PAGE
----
Skip to content

MacLean Engineering testing new robotic rock bolting in Sudbury

Mining equipment manufacturer is breaking new ground with robotic and autonomous technology to make the job safer

A mining-equipment company with a test mine in Sudbury is developing a new type of rock-bolting technology designed to make the job safer and more efficient.

Maarten van Koppen, an engineer and vice-president of product management with MacLean Engineering, was speaking at the Workplace Safety North mining health and safety conference in Sudbury recently when he said more can be done to make rock bolting and ground control safer for the bolting machine operator and anyone else working nearby.  

One of the reasons for the annual conference is to find ways and procedures to do mining jobs more safely.

Ground control is the process of ensuring the stability of underground excavations and preventing falls of rock.

Van Koppen told the audience that MacLean is now working toward a new generation of bolting machines that will address two major technical hurdles: autonomous machines that can operate themselves and robotic machines that can work with a human partner.

While autonomous rock bolting is still in the very early testing stages, the robotic machine is at the prototype stage.

MacLean has a test mine in Lively consisting of a ramp and several hundred metres of drift, where van Koppen said mining machines can be tested in real-life conditions. He said the new robotic rock bolter is being tested there. 

His talk was backed up by a video presentation showing a regular rock bolting truck equipped with a large robotic arm, capable of drilling a hole, withdrawing the drill steel, accessing a rock bolt and inserting the bolt into the rockface. 

"We've been working over the last couple of years to really try to perfect this or, or work our way through it," said van Koppen.

"Essentially, the concept is that we replace the operator with a robotic arm and the operator is now in a cab."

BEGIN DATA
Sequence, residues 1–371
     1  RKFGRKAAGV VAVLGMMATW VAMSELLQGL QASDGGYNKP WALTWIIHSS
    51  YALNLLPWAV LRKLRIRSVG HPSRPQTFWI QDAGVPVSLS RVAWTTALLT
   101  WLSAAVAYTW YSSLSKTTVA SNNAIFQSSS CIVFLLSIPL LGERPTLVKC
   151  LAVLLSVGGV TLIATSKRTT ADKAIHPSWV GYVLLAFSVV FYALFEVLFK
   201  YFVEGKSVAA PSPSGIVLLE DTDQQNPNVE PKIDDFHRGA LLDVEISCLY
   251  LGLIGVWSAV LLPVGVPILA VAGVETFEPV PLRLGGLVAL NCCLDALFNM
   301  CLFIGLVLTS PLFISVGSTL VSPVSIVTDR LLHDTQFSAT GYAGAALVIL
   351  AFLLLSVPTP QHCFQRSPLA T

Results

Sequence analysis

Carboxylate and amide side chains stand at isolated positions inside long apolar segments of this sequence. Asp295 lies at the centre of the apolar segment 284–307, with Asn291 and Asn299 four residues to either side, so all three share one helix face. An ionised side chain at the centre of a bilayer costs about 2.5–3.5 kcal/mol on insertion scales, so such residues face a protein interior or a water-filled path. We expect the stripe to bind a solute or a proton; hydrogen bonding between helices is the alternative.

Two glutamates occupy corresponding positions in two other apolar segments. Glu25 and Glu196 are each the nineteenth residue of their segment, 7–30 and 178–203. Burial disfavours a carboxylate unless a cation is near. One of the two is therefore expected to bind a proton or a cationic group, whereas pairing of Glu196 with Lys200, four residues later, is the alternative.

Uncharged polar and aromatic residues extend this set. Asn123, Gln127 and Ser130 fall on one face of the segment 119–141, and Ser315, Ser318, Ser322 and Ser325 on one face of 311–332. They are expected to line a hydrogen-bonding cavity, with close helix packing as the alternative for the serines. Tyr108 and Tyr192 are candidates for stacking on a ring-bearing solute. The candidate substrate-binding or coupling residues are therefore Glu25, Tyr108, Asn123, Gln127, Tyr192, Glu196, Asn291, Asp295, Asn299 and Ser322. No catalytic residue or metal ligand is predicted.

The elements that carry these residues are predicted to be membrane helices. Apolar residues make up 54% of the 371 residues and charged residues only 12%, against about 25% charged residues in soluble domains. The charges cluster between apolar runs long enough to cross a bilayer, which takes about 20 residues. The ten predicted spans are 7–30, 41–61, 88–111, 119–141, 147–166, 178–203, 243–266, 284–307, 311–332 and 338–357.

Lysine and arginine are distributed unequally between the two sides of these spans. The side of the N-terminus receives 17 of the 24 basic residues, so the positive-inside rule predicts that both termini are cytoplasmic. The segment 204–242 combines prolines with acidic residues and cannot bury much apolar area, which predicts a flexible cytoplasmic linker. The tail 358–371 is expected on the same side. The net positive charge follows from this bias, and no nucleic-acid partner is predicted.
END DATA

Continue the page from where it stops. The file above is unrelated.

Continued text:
He said a key consideration is to remove the miner from the active area of drilling and bolting where the miner might inadvertently be exposed to unsupported ground, which can put a miner in danger either from the roof of the drift (tunnel) or the walls.

This happens with miners working with jumbo-drill bolters or boom-based bolters, said van Koppen. This takes the miner out of the safety zone and puts the miner closer to where a fall of ground might occur.

"And that's especially true when you look at upper end development, where you have gravity helping a hand as well. Then there's also (rock) bursting scenarios. So in mines with a lot of seismicity, again, a lot of the bursts come from lower walls, because traditionally they have not been as well supported," van Koppen said.

In recent years, MacLean has sold hundreds of bolting machines to mines in Ontario and Quebec. MacLean is currently working the bugs out of the prototype machine, which was a typical MacLean 975 model bolter with the robotic arm installed, said van Koppen.

"So we just put it on a regular bolter to try to make it work, trying to learn more about robots, trying to learn more about, you know, what kind of grippers do we need for the bolts, etcetera. How can we work out how the robot needs to do bit changes, and things like that? So we've been working with this unit for quite a while," he said.

In the meantime, van Koppen said testing continues on an autonomous rock bolter machine.  He said MacLean has recently done early testing on having an autonomous platform machine proceed down a drift and recognize obstacles that are put in the way so the machine can either stop or drive around them. Other than that, he said there is still much development and testing to be done.